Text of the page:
In 2007, DOS9employed a more nuanced analysis in determining that the Town of Andover youth center project was a public works project subject to the prevailing wage law. See DOS Opinion Letter, Town of Andover Youth Center (July 23, 2007). In making its determination, DOS considered that, while the Town was not paying for the project out of public funds, and it would not be a party to the contract for construction, the project was to be constructed on property owned by the Town. Town staff were overseeing the construction work. In addition, the youth center would be turned over to the Town upon completion of the project. In sum, the ultimate goal of the project was to build a youth center that would be owned, operated and staffed by the Town for years to come. Accordingly, DOS determined that the project was a public works project being undertaken by the Town and the prevailing wage law applied.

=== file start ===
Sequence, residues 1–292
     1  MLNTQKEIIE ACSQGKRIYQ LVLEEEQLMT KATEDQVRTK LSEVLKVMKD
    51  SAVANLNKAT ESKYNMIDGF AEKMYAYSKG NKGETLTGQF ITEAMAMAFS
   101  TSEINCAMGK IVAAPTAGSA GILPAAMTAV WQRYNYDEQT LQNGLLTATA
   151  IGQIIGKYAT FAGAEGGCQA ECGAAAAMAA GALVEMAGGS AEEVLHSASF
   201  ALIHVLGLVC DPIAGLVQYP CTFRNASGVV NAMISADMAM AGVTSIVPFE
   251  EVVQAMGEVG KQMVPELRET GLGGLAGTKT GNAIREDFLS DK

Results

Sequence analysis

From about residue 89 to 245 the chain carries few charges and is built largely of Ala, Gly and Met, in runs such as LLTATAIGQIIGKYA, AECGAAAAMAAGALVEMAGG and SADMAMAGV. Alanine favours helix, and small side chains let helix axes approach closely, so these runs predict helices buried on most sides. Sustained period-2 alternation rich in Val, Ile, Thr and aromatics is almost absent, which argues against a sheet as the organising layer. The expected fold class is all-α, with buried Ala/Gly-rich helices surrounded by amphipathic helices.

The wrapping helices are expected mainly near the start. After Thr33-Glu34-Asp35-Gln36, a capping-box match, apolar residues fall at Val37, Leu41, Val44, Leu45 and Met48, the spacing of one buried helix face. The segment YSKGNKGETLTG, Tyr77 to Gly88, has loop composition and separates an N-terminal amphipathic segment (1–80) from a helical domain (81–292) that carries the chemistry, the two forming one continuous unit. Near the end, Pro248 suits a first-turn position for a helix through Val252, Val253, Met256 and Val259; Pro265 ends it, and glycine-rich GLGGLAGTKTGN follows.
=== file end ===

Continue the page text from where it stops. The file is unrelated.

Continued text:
Recently, the Massachusetts Supreme Judicial Court applied a similar analysis in formulating an approach to determine whether a project is construction of a building by a public agency. In Brasi Development Corp. v. Attorney General, 456 Mass. 684 (2010), the Court held that the state bid laws applied to the construction with public funds of a University of Massachusetts dormitory project on private property because the project constituted “construction of a building undertaken by a public agency under Massachusetts’[bidding] law.” Ibid.